Can we deny our heritage received in baptism? Is the Baptists right to refer to backsliding as falling away from the faith? Or are we all sinners in need of redemption as Isaiah knew so well?  Or is it more the case that we see other’s sins clearer than our own?

 Jesus said to Nicodemus: “For God so loved the world that he gave his only Son so that everyone who believes in him may not perish but have eternal life. Indeed God did not send the Son into the world to condemn the world, but in order that the world might be saved through him.” I suspect it took years for Nicodemus to begin to make sense of this declaration. Do you believe this is true for you or for all?

Mother Teresa while visiting a seminary in Bangalore was asked if she was spoiling the poor people by giving them things free…was this compromising their dignity? Mother Teresa answered: “No one spoils as much as God. See the wonderful gifts you are freely given. All of you have no glasses and yet you all see. If God were to take money for your sight, what would happen? What would happen if God were to say, ‘If you work four hours, you will get sunshine for two hours?”  Mother Teresa paused a few minutes to let her words seek in and then said, “There are many congregations that spoil the rich; it is good to have one congregation in the name of the poor, to spoil the poor.” (In the Heart of the World, 57-58)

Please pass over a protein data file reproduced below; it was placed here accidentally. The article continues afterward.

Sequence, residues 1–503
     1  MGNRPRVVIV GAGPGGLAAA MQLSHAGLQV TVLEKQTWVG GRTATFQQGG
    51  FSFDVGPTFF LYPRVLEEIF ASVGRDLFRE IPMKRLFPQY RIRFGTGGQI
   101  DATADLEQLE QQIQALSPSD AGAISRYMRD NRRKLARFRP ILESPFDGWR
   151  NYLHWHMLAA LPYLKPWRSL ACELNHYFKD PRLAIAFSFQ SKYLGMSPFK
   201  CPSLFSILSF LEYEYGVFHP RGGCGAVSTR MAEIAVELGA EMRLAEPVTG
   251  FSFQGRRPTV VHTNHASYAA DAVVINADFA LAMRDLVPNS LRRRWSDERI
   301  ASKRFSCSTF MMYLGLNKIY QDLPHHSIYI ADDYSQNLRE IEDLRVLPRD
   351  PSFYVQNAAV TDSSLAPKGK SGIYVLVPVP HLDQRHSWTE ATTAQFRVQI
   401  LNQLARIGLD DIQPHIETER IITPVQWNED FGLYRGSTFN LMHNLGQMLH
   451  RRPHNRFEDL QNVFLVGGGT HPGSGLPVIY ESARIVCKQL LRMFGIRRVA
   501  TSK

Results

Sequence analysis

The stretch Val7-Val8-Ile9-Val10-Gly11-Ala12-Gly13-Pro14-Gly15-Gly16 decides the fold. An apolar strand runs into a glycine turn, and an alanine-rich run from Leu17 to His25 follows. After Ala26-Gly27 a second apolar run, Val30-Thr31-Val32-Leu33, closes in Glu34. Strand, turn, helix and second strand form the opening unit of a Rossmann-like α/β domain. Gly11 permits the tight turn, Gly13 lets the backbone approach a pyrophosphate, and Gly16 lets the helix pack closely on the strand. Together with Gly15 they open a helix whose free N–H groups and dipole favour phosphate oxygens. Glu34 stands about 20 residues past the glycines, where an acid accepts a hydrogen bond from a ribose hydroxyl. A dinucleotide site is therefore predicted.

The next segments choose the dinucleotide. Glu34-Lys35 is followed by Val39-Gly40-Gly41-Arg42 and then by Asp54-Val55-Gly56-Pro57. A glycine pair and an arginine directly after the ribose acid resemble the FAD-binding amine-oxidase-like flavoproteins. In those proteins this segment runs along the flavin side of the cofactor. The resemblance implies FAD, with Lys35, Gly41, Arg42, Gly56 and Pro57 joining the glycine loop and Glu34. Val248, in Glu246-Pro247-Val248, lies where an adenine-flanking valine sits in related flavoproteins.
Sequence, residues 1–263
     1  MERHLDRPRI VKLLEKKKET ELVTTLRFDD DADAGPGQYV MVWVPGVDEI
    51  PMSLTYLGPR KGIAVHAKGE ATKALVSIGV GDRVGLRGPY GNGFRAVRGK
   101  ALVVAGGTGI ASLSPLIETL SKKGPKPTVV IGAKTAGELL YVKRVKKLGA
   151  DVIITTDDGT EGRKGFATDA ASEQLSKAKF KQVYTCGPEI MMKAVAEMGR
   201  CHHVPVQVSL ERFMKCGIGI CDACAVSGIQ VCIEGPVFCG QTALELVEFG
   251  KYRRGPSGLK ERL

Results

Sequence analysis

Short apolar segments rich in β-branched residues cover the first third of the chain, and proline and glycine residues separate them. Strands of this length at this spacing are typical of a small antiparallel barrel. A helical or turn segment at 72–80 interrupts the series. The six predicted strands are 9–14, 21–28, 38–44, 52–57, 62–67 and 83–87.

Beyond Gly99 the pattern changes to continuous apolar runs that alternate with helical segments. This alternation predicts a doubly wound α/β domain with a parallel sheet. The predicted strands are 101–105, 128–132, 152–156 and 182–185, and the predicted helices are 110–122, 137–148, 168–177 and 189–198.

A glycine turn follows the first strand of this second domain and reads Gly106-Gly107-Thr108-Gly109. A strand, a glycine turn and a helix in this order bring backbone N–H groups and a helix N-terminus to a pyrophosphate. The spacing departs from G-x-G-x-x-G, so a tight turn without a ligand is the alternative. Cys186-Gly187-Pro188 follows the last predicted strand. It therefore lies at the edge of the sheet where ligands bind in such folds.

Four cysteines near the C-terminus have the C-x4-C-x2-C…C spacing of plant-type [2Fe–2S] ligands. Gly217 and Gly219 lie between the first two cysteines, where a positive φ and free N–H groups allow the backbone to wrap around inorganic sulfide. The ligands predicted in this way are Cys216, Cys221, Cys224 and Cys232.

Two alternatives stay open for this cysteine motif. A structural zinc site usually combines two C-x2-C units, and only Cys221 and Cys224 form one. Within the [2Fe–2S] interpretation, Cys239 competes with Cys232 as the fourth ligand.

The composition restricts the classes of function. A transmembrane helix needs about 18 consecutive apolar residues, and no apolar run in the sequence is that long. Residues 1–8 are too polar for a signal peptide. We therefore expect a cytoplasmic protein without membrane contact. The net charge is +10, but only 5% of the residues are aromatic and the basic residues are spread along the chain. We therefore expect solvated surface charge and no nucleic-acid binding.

How can this be? How can we love like Mother Teresa, or understand the love Jesus described to Nicodemus? How do we encounter the HOLY? For Mother Teresa it is in the face of the poor, the lonely, the abandoned: in their faces she sees the LORD.

The concept of Trinity, Triune God, is difficult even for the theologians to articulate. How Father, Son, and Spirit are separate AND One is a mystery and a reasoned synthesis. The early church fathers faced the challenge of how to reconcile the experiences of the HOLY: some folks spoke of the Spirit, others experienced the Incarnate Word, Jesus, the Son as HOLY, others clung to the idea of only the Father was God. Disputes arose and the leaders of the church discussed the issue until a synthesis was born that would hold in unity the ONENESS of God: the concept of Trinity: 3 in 1. Today’s lection gives us an example of why the Trinity was a necessary doctrine for the church. Isaiah saw the Lord high and lifted up and his train filled the temple. Nicodemus saw that Jesus was doing the works of God and therefore was of God. Paul testified to the spirit of adoption crying Abba Father in response to the Spirit bearing witness to his spirit. We are adopted children, loved beyond our ability to understand. When we say in the name of the Father and of the Son and of the Holy Spirit we are also saying HOLY HOLY HOLY is the LORD.

In summary, I share with you a message sent from the brothers at Saint John the Evangelist in Cambridge Mass: “The trinity is useful as a way of keeping silent before the mystery of God.”